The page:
According to Record Store Day’s website (www.recordstoreday.com), this annual event was conceived in 2007 “as a way to celebrate and spread the word about the unique culture surrounding nearly 1000 independently owned record stores in the US. Rock band Metallica officially kicked off Record Store Day at Rasputin Music in San Francisco on April 19, 2008 and Record Store Day is now celebrated the third Saturday in April.
I spoke with a record store owner, one stop manager and artists for their point of view on the true benefits of National Record Store Day in the urban world.
Skippy White’s Records and One Stop in Boston opened in 1961and during the 70’s and 80’s, boasted four locations throughout the city and remains the oldest music store in the Boston and New England area. Skippy is also a radio personality nicknamed “The Professor” for his expansive knowledge of music which is reflected in his store, one of the area’s best resources for blues, jazz, soul, funk, R&B, gospel and hip-hop music. If you didn’t know the name of a song, you simply followed Skippy’s motto to “just hum it” and he’d find it.
Being in business for 50+ years, Skippy has always carried vinyl and the concept of National Record Store Days is nothing new. Having spent nearly every Saturday working my first job in Skippy White’s Mass Records(my dad and Skippy were business partners) learning the ropes, it was clear that a visit to the store was a ritual for Bostonians. The record store was the “spot” to hear the newest songs, practice your dance routines, hopefully see a famous celebrity or two and score an autograph.
White continued “the industry releases mostly rock on vinyl. It means nothing in my store. If my customers bought it, the rock LP’s retail for about thirty dollars. My clientele wants the old R& B, soul, gospel and jazz. My prices are affordable. I charge $6.00 for LP’s and I still sell 45’s for a dollar or two. It’s a completely different ball game today. This past Saturday for Record Store Day, I got mostly phone calls and they were for rock music, which I don’t stock. The day, it’s great for a specialized element, but it makes me no difference. For the music that I carry and what my clientele wants, it’s Record Store Day every day.”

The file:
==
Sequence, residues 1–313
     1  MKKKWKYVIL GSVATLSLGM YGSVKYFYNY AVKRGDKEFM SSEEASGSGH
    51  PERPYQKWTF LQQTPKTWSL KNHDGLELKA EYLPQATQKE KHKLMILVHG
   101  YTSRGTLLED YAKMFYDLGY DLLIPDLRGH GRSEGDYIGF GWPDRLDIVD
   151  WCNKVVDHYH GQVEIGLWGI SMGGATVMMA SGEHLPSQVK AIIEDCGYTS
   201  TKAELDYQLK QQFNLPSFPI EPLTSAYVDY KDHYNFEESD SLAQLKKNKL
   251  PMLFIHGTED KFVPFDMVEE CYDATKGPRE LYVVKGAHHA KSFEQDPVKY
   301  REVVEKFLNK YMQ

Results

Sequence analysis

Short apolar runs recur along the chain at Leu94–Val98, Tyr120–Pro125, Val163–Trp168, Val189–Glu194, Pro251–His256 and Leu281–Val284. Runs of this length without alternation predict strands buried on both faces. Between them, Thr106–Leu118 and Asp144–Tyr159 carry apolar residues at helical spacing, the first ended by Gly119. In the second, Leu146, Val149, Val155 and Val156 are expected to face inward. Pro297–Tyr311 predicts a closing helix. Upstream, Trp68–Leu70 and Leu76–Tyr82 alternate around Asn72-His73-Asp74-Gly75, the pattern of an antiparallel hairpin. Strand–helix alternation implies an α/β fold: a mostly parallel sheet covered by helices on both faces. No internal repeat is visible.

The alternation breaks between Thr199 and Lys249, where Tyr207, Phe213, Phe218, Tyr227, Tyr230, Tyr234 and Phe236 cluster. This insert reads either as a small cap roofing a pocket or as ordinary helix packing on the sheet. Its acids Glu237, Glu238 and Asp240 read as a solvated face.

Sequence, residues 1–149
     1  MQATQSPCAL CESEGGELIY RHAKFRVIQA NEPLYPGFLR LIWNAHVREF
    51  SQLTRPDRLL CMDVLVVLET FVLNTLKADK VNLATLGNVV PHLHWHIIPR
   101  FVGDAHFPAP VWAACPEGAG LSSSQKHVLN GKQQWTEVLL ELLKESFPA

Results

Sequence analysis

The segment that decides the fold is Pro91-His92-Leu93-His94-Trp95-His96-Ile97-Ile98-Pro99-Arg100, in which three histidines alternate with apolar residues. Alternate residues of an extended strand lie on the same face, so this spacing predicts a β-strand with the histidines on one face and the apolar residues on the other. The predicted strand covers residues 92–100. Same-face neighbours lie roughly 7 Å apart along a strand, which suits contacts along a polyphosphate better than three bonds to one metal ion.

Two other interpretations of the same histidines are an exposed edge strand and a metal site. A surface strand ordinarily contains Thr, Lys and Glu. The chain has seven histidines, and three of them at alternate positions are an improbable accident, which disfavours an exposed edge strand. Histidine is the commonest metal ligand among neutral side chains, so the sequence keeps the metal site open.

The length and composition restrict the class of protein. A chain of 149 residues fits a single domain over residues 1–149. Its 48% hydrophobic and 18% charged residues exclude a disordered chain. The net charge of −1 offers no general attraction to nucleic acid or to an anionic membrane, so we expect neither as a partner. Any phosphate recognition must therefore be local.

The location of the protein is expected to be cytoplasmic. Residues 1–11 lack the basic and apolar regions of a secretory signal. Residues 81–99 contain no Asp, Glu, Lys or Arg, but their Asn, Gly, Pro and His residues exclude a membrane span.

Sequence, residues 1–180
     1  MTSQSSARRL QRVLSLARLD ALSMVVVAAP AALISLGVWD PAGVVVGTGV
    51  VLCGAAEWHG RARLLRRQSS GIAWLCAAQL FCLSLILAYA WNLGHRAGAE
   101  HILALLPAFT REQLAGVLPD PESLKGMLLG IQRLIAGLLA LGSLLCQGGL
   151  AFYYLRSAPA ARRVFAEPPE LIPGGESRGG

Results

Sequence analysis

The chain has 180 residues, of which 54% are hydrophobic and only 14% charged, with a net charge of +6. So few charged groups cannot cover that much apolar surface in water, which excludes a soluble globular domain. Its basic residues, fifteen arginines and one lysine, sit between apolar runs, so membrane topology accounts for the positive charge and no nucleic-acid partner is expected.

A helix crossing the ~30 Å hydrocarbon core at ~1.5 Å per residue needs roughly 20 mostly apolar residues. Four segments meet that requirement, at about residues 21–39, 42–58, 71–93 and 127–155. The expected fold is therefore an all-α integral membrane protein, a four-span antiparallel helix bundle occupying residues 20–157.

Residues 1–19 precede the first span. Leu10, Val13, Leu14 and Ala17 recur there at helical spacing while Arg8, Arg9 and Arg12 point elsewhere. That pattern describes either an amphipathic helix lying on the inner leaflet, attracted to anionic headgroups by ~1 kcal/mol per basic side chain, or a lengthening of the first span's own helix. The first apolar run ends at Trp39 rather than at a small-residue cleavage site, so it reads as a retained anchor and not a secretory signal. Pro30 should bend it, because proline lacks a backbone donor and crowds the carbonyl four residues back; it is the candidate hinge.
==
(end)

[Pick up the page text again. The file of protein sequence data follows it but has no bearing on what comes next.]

On the Southside of Chicago, Rosetta and Ester Fletcher, owners of Fletcher’s One Stop Records, the oldest African-American owned one-stop in the country opened for business 65 years ago. Legend has it, Mr. Fletcher was cold-blooded way before Rick James sang it and thought nothing of having people stand in line to try and be the first to snag the hottest new music or meet the hottest new artists. Fletcher was the “go to guy” that had nearly every record store in Chicago and beyond buying from him.
Along with Fletcher’s wife and daughters, extended family member Kenny Lott serves as manager/buyer and currently celebrates 34 years working exclusively for the Fletchers. Kenny describes Record Store Day as one for special sales. He adds “we don t sell vinyl but every year we do something, get good response and the customers look forward to it. We are normally busy on Friday and Saturday anyway.” Fletcher’s still sells to other area record stores, local mall chain stores and other music re-sellers well outside the Chicago area.
From the artist perspective, I obtained insight from artists whose careers were built in part on the record store. Fatine and Aja Dantzler, better known as Kindred The Family Soul visited two Atlanta record stores, DBS Sounds and Moods Music, this past Saturday treating customers and fans to selections from their upcoming CD, “A Couple Friends,” dropping June 10th. Also joining them were Rashaan Patterson, Noel Gourdin, and Avery Sunshine. Fatine states,” I think the independent record store is truly a blessing to the careers of artists like us because it’s where the consumer actually can learn what’s fresh, new or undiscovered. It not only celebrates the store but the consumer that shops in that store by giving them the opportunity to meet and see (performances by) their favorite artists.”
Nile Rodgers has been a force in music in almost every role imaginable. He took home three Grammy® this year for his Daft Punk/Pharrell collaboration “Get Lucky,” remains an in demand producer and tours the world with Chic. He’s just completed a new Chic album, with the first release via a 12 inch and 45 RPM record. In 1998, Rodgers founded Sumthing Else Music Works record label and Sumthing Distribution, an independent music label distributor and the first African American owned distributor. Sumthing focuses on music and distributing a fast-growing new genre: video game soundtracks. Its titles include the complete Halo and Resident Evil franchises and other well-known soundtracks such as Gears of War and Borderlands. Nile very simply says, “I celebrate the occasion. It put me on the map and keeps me there!”